Victor Estrada's most recent sculptures are constructed using simple, familiar techniques: brightly coloured plaster or resin of some sort is slathered over a wire armature and peppered with found objects a bit of wrought iron here, a piece of turned wood there. The slap-dash aesthetic gives each work a childish, naive quality. Toy Machine (all works 1997) for example, looks like a huge wad of half-chewed bubble gum sitting on four stubby legs with several odd appendages sticking out at silly angles. It's all just a curious arrangement of form, colour, and texture, until, circling round it, you get to the eye.
Suddenly, and for the most egocentric of reasons, this lumpy knot of junk becomes something else: it looks like one of us. As an illusion, the glass eye staring stupidly out of the gooey surface is a cheap trick, really, but what's remarkable is how effective that cheap trick can be. It transforms the sculpture from a formal construct into something much more approachable you empathise with it. No longer an impersonal object, the piece now works more like a doll. It has character, you can imagine naming it, but even more to the point, you can now be somewhat revolted by its weirdly distorted body.
That's the funny thing about Estrada's art it's often hard to tell whether he wants you to love his sculpture or loathe it. Most of his recent work is on the scale of small animals, and the more each piece is imagined as a life form, the more unpleasant it becomes. Life in unfamiliar shapes seems to hit a raw nerve with the human psyche just think of how, against all better judgement, certain kinds of insects make your skin crawl. Once they're associated with living creatures, all the quirks in Estrada's menagerie start to look much more ominous. Biological mutations are conjured up, as are deformed appendages, disfigured faces or dismembered bodies.
These tricks of psychological projection are what make Estrada's art tick, but not because they're particularly accomplished or groundbreaking; on the contrary, they're the same gimmicks exploited by party gag stores or low-budget horror films. Estrada's work is less about how startling or disturbing each of his pieces can be, than it is about how much human society loves to be startled and disturbed. This explains why the work can be cute, loveable, hideous and grotesque all at the same time.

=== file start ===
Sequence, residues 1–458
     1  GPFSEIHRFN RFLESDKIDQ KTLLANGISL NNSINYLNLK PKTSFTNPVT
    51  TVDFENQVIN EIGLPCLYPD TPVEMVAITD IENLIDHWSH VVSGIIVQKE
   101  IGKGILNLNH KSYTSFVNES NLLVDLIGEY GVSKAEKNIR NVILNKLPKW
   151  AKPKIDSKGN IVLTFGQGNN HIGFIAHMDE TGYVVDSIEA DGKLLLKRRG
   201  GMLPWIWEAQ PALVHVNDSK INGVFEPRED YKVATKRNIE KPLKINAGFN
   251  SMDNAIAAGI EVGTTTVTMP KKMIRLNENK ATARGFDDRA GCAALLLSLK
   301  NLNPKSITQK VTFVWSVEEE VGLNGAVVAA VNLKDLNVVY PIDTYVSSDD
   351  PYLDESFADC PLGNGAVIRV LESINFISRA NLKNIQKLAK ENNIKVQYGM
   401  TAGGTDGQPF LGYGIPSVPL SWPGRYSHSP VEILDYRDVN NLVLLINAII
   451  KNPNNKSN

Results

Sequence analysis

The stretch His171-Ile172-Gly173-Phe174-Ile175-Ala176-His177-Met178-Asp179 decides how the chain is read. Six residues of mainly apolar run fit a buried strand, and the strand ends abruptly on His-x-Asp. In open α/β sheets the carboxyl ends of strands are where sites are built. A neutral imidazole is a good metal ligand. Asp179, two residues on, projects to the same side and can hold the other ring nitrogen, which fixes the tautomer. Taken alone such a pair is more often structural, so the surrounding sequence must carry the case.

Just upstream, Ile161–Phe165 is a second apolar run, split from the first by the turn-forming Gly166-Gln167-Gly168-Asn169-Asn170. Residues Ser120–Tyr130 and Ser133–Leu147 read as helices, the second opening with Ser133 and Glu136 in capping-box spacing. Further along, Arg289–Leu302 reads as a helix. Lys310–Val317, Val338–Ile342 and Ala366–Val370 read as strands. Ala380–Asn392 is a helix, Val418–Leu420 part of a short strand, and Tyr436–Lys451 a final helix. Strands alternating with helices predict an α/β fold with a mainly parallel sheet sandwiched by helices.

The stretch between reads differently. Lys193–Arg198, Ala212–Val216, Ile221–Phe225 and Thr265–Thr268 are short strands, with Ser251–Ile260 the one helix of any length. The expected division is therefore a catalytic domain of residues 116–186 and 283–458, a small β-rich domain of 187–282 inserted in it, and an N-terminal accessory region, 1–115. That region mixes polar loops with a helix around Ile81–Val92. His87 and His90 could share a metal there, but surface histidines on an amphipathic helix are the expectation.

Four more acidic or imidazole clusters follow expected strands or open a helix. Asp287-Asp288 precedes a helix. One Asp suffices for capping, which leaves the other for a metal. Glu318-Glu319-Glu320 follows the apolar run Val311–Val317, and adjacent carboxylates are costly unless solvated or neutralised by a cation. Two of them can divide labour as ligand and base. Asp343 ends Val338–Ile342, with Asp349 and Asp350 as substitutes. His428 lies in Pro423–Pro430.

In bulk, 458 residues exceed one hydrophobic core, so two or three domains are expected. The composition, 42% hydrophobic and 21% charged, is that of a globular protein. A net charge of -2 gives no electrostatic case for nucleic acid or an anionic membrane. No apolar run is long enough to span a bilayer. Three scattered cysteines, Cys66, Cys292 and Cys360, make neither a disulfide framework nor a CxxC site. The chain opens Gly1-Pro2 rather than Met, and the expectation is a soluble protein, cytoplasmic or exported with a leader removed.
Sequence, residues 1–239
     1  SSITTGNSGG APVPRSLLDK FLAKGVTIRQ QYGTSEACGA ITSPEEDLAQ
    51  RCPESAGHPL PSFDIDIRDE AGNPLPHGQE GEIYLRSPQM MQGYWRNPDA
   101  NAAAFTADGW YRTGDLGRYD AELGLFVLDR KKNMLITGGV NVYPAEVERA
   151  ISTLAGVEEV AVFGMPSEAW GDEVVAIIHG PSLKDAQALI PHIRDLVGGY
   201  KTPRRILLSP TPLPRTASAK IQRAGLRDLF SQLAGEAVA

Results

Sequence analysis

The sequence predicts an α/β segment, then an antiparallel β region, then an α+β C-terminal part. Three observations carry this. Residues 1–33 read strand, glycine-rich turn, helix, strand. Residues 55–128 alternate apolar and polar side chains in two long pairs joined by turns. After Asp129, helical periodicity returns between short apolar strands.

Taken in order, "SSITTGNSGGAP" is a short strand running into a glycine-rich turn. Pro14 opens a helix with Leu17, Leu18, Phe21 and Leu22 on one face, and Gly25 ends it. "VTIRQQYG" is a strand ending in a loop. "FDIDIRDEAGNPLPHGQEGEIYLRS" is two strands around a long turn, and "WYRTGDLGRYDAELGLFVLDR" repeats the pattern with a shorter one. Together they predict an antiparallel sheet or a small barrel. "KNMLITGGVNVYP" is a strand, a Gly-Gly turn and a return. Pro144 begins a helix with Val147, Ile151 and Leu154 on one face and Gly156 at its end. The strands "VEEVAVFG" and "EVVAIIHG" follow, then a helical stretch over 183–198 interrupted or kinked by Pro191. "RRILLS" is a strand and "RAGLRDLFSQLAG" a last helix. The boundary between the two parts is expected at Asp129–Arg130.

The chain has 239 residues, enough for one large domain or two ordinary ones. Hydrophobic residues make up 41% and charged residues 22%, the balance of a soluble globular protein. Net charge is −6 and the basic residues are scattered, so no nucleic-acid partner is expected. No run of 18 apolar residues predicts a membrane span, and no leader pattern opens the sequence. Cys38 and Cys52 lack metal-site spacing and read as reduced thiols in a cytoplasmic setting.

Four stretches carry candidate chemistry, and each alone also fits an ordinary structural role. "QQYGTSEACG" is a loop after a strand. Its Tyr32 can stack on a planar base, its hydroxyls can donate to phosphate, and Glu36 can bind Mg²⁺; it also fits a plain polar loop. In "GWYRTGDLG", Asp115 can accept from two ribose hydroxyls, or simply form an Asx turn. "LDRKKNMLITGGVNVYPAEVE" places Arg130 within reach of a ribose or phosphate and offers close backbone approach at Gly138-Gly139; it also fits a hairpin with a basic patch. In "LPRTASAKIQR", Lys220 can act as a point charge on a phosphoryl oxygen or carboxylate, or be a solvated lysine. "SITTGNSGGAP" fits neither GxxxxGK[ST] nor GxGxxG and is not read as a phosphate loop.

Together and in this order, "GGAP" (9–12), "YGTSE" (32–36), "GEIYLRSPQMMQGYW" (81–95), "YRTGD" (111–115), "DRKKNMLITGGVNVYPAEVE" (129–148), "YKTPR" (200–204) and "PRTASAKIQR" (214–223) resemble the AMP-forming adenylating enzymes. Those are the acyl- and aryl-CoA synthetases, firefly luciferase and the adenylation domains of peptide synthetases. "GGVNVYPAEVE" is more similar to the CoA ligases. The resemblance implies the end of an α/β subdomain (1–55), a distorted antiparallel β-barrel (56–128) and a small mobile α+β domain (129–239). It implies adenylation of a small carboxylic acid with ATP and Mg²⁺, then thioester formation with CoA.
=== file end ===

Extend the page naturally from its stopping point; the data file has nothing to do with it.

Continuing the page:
What's more, the objects themselves seem to accept their abjection. Despite the floating eyes, bloated genitalia and dripping gore represented in a suite of pen-and-ink drawings, for example, the victim/participants depicted appear resigned to their suffering. Of course, this has something to do with the comic-book mentality after which the drawings are styled. It is commonly understood that distortion, caricature and humour are close cousins, but Estrada has a way of making that relationship volatile. On the one hand, his work has a cartoon quality; on the other, it calls to mind the tragedies of Thalidomide babies or mercury poisoning at Minimata.
It happens again in Xochipilli: a large, dented orb rises up from a welded steel pedestal like some strange cross between a weather vane and a space satellite. At the end of a long snout that grows out of one side, is the upper half of a set of teeth. The impression they create is both scary an evil, snarling grimace and ridiculous, especially when you judge, by the oversized canines, that they are probably fake vampire's teeth of the kind kids don during Halloween. Like anyone who plays upon that specific range of human emotions between fear and disgust, be it the director of horror movies, the writer of occult fiction, or the producer of circus freak-shows, Estrada knows that pleasure and fright may be strange bedfellows, but they are bedfellows indeed.